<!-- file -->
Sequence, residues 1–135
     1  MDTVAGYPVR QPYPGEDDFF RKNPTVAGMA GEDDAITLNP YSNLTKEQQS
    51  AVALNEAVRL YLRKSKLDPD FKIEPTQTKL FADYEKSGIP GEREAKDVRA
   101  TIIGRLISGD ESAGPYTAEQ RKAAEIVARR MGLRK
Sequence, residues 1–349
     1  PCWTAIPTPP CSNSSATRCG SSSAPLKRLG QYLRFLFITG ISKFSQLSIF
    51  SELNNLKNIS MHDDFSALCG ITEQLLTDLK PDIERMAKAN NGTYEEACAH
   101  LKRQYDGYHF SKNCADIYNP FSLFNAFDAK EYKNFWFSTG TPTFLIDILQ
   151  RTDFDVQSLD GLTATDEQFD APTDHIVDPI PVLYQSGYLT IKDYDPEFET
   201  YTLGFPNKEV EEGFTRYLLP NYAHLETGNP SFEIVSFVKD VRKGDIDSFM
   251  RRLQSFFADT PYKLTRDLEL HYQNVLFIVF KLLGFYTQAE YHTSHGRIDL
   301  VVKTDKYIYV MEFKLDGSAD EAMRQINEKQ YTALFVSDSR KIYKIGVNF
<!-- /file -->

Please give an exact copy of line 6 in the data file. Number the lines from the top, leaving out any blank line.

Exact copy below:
     1  PCWTAIPTPP CSNSSATRCG SSSAPLKRLG QYLRFLFITG ISKFSQLSIF